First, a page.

There was a time when I was at the height of my part-time bookkeeping business, juggling about a dozen monthly remote clients while also working a full time job where certain things had to take the back burner. One of those things was the house cleaning. Even though I’ve cut my client list down, the last thing I wanted to do with a free Saturday or Sunday was clean the house. I needed to implement some type of schedule to spread it out over the course of the week. .
Back in those days, in addition to working a few hours after supper during the week, Saturdays and most Sundays were spent in my home office doing client work. While other people were outside working in their yard, attending fairs, spending hours at the mall or just chilling all day on the couch with 800 channels to choose from, I had sequestered myself in a 12×12 room. Bills got paid on the fly, grocery shopping was squeezed into my lunch hour and thank goodness hub knew how to feed himself and operate the washing machine!
But then there was cleaning the house. When I had begun to notice cobwebs dangling from the corners of the ceiling I knew I couldn’t put it off any longer. That resulted in an entire Saturday or Sunday spent just catching up on cleaning.
As one who is active in the planner community, I see a lot of individuals who dedicate a section of their planners (or a spread or collection in their bullet journal) to tracking their house cleaning. I decided to give it a go by setting something up in my planner, but because it usually remains either on my desk or in my handbag when I get home, it wasn’t visible to taunt….erm….encourage me to clean. So instead I created an Excel spreadsheet in the intro photo, printed it out and put it where not only I would be certain to see it, but hub as well in case he was so motivated to check it and participate (hint, hint!) That spot was the fridge.
I began by breaking down the rooms of our house (minus the garage and basement). We have a 1,700 square-foot ranch with 3-bedrooms (one is our office), two baths, dining room, eat-in kitchen, mud room (with washer/dryer) and a big sunken living room. I made each room a category then broke it down by each area to be cleaned. I won’t go into specifics as the photo above is pretty self-explanatory.
The way I set up the spreadsheet allowed me to encompass 3 months (or, as I think in bookkeeping terms – one quarter!) with each number representing the ‘week of’. Because it’s only hub and myself, our house doesn’t really get that dirty often. We don’t have kids traipsing in and out of the house, tracking Lord knows what nor do we no longer have a dog shedding hair in every nook and cranny. Because of this, I realized that not everything needs to be cleaned every single week. With the exception of the kitchen sink and counters (which I like to do nightly), floor (which I do 2-3 times a week with the wet Swiffer, which is the best invention EVER!) and bathroom toilets, tub and sinks (which I’d like done weekly) everything else can pretty much be done every 10 days to 2-weeks.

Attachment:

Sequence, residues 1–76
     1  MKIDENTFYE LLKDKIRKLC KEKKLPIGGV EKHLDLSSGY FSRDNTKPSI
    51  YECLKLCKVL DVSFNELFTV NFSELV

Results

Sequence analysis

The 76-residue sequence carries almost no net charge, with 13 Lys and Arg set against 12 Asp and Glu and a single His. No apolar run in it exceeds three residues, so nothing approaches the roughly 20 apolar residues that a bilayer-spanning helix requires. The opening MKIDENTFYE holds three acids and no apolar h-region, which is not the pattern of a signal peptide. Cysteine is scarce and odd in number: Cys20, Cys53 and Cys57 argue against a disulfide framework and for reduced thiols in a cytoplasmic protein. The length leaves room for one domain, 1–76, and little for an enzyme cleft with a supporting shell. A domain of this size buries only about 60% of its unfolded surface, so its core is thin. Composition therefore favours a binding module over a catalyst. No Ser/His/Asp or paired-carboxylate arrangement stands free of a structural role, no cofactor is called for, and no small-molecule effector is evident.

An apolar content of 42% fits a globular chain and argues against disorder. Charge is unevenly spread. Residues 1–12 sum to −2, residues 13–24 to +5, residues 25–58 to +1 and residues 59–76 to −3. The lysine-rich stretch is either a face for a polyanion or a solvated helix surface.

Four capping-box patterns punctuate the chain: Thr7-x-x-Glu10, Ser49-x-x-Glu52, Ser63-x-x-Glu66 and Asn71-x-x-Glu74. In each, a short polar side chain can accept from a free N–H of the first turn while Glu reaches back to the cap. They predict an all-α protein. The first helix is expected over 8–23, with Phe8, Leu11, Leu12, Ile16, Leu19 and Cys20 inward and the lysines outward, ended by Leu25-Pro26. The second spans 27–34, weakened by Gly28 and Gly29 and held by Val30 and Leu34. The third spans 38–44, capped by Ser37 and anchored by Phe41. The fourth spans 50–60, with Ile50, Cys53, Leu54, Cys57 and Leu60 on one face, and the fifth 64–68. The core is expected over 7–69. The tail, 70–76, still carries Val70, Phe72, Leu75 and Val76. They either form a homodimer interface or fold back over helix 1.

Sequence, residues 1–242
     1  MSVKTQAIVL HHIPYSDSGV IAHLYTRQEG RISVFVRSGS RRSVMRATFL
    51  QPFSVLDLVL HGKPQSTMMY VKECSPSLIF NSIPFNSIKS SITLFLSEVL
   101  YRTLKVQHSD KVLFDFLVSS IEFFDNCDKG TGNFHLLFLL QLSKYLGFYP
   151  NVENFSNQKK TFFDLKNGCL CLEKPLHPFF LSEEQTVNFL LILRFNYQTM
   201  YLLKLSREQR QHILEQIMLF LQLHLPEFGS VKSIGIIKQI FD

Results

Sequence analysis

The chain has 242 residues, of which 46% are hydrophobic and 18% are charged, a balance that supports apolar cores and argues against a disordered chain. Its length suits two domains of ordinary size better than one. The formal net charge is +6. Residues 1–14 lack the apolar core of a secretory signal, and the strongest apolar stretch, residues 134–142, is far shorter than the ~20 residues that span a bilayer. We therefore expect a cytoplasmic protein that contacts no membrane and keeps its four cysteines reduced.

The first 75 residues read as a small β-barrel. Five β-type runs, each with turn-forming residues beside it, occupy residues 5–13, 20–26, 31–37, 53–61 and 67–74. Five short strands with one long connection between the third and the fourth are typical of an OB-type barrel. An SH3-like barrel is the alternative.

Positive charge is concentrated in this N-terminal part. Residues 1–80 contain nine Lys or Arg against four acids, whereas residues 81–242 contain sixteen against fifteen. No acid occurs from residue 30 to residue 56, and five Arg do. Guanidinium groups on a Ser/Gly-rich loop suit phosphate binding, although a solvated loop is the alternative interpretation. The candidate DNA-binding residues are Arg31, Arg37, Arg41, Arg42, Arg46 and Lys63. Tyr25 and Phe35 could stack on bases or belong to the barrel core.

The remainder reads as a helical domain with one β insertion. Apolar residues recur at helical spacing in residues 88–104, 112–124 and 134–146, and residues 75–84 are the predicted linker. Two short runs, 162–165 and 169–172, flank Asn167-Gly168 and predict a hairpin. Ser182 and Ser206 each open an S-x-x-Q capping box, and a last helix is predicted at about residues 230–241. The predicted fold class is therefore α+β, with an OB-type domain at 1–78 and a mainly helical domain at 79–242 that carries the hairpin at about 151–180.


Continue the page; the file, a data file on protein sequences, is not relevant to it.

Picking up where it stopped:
When something is cleaned, I either check or fill in the box of the ‘week of’ that it was completed. This way, when I figure out cleaning for the following week, I can pretty much skip those items. These usually include polishing the furniture, washing down the wood cabinets and paneling with Murphy Soap Oil (which makes the house smell SO clean!), and dusting ledges and baseboards.
You will also see that, in addition to individual room areas, that I added a miscellaneous section for items that don’t fall under the regular schedule. These can be done anywhere from once a month to once a quarter (there’s my bookkeeping-speak again!) Some of these may fall under the individual room category (ie: the main baths and bedroom dresser have mirrors and most of the house has carpeting to vacuum). Right now, the mirrors and glass (our kitchen cabinets have glass fronts as well as the hutch in our dining room) can be down-graded to once-a-month as well as vacuuming the rugs (remember – no kids or dogs here). By completing these individual tasks on their own rather than completing them with the particular room’s cleaning clean alleviates me from toting furniture polish, rag, Windex, paper towels, dust catcher as well as dragging a vacuum with me.
Other things such as spraying down the interior of the oven, cleaning out the fridge/freezer, de-cobwebifying (I’m making that a word!) the ceilings, corners and light fixtures, etc. don’t have to be part of the weekly/bi-weekly clean, but should be done every 1-3 months.
This is just an example of something that suits my schedule and the size of my house. If you think this might be something that you’d like to try, here is the clean chart in Excel format that you can click on, download and adjust according to the rooms and areas of your house. Happy cleaning!
Till next time,